Dr David Nabarro, a World Health Organisation (WHO) special envoy for Covid-19, has said there is now “light at the end of the tunnel” for the UK in tackling the disease.
His words come as national hospital admissions fell for the sixth day in a row on Monday, from 2,180 to 1,604.
However, admissions have continued to rise in the northeast, northwest and southwest, and the NHS has said it expects that trend to continue for the next one to two weeks.
The latest data shows a 38 per cent drop over the last seven days across the UK in the numbers testing positive for Covid-19, with 70,924 new cases reported on Sunday.
The figures come as ministers are expected to lift Covid restrictions next week after a review.
Nadhim Zahawi, the education secretary, said it was “looking positive” that plan B measures could be lifted.
“If you look at infection rates, they remain high, hospitalisations is still high, touching 20,000 people in hospital, but it feels like they’re plateauing,” he told BBC Breakfast.
Professor Mike Tildesley, from the University of Warwick and a member of the Scientific Pandemic Influenza Modelling group (Spi-M), said the latest case figures are “cautiously good news” and he hopes the country may have a “flu-type” relationship with the virus by the end of the year.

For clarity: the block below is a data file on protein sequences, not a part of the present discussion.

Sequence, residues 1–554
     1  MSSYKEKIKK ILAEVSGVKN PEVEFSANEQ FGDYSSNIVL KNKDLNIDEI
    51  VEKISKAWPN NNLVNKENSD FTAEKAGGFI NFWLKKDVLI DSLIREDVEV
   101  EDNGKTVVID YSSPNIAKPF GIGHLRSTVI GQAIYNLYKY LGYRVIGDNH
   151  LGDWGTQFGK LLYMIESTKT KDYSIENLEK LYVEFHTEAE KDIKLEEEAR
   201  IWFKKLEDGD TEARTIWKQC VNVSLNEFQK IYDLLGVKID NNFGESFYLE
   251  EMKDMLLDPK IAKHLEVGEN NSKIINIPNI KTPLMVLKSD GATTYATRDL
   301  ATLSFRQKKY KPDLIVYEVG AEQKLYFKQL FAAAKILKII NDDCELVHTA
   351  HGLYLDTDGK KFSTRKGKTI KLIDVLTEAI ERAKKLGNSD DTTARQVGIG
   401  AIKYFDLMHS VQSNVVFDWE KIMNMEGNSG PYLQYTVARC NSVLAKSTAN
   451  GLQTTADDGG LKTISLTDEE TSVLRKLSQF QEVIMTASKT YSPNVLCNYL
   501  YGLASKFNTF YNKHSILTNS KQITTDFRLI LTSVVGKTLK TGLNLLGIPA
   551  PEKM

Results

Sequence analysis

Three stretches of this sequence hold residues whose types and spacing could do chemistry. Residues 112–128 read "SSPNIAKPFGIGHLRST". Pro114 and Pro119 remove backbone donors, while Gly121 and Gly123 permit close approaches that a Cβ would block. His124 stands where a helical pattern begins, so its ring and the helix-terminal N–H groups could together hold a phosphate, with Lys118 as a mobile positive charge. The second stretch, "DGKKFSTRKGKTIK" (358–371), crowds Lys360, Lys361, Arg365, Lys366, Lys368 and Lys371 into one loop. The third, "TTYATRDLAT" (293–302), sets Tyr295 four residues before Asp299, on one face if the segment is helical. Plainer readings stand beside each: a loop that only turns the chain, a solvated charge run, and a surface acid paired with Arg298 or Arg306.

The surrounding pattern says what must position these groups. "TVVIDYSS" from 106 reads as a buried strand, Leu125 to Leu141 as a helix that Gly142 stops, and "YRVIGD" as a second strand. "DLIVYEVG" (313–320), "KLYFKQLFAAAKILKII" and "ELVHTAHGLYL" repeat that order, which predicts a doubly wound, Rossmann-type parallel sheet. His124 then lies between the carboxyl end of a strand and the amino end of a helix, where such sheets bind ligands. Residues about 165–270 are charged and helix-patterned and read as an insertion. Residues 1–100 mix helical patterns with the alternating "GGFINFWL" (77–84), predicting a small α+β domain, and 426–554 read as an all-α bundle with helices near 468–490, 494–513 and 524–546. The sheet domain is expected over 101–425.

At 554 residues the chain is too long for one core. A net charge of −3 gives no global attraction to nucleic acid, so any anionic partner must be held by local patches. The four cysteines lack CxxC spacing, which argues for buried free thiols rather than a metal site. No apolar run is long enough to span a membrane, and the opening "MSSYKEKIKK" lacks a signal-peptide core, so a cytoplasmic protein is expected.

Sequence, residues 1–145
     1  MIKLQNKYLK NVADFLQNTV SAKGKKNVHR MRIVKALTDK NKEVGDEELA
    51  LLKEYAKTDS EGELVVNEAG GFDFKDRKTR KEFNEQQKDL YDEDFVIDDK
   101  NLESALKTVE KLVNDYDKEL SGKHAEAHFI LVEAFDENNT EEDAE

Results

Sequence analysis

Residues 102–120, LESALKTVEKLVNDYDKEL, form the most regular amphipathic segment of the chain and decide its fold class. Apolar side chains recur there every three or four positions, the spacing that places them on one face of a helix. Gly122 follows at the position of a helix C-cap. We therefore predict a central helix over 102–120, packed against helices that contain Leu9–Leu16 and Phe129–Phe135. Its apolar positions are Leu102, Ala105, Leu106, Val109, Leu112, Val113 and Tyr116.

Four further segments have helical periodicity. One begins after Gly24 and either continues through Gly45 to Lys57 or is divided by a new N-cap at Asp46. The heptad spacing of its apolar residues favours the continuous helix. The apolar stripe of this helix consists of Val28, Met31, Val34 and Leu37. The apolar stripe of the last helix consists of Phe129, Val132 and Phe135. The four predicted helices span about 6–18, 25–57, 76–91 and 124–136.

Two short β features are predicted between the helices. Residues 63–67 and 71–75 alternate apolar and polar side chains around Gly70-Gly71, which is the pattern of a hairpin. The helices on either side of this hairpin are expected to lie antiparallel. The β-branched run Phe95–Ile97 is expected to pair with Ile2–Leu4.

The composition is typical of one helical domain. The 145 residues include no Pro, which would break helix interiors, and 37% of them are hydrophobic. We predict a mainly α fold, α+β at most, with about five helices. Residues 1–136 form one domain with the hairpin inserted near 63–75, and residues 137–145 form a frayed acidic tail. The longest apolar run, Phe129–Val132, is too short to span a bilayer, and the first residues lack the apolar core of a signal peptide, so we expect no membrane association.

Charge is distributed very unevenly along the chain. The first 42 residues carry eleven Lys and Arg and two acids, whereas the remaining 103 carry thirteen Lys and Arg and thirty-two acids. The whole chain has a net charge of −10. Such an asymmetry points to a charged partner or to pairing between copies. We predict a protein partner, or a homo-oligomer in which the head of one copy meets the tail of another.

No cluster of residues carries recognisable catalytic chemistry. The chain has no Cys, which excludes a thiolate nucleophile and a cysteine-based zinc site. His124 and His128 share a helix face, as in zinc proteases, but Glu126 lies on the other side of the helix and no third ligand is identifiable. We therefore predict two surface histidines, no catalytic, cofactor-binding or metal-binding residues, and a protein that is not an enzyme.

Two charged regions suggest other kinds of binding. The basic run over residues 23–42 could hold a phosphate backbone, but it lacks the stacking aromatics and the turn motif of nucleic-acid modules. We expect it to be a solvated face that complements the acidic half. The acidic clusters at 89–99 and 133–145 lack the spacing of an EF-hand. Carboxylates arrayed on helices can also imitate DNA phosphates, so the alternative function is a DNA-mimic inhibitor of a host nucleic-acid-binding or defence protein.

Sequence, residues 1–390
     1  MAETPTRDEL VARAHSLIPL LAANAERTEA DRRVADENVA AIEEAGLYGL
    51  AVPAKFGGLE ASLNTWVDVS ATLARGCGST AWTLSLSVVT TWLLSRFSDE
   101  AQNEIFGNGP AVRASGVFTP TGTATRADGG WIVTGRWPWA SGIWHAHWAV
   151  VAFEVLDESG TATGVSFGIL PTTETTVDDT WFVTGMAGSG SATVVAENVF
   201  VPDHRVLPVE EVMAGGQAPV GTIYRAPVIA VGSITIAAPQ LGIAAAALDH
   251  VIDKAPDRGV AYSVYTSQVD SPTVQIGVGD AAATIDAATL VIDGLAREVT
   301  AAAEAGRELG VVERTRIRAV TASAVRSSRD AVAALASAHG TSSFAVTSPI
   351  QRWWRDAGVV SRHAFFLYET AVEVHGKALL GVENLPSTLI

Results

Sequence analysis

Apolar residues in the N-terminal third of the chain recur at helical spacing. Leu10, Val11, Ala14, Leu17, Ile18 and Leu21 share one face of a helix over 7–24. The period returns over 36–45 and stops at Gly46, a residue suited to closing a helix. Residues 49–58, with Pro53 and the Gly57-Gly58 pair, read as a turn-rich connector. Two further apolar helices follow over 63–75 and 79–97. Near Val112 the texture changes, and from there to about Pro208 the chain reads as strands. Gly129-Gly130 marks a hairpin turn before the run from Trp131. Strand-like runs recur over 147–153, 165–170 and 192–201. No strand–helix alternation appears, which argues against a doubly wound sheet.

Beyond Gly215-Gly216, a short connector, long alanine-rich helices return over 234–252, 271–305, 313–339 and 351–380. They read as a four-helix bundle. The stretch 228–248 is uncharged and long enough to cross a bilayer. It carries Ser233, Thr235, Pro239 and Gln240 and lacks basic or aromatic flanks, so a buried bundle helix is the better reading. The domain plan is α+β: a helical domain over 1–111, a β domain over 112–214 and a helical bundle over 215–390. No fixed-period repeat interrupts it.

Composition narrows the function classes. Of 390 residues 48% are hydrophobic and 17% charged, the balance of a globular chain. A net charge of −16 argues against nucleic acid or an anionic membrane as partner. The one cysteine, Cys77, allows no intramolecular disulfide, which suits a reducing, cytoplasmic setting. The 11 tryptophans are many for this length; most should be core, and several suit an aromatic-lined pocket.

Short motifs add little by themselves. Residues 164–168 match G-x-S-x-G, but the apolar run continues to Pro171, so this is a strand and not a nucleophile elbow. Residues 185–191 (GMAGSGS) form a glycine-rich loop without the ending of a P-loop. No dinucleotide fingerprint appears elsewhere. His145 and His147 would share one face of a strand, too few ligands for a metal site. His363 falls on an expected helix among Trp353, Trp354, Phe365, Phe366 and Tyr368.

However, some members of the government’s Scientific Advisory Group for Emergencies warned on Sunday that Covid is not yet at the endemic stage UK, and that even if that stage were reached, it does not mean the impact of the virus will be less severe in future.
Talking to Sky News on Monday, Dr Nabarro said: “Looking at it from a UK point of view, there does appear to be light at the end of the tunnel... I think that it’s going to be bumpy before we get to the end.
“So even though it’s possible to start imagining that the end of the pandemic is not far away, just everybody be ready for the possibility that there will be more variations and mutations coming along, or that there will be further challenges, other surges of even Omicron coming.”
He warned there was a need to still be “respectful of this virus”, adding: "Do what you can to stop transmitting it. Do what you can to protect others from being affected by it. It’s not the common cold.
“I know people would like it to be, but [Covid] is a virus that has still some really unpleasant features. Let’s do our best to protect people from it if we possibly can.”
The comments come as the self-isolation period for people testing positive for Covid was cut to five full days in England.
Ministers had been under pressure to reduce the isolation period – previously seven days – to help address staff shortages across the economy and in public services.
The government said research showed that between 20 per cent and 30 per cent of people are still infectious by day six. But the percentage of those released while infectious falls to around 7 per cent if people have two consecutive negative tests and then leave isolation on day six.
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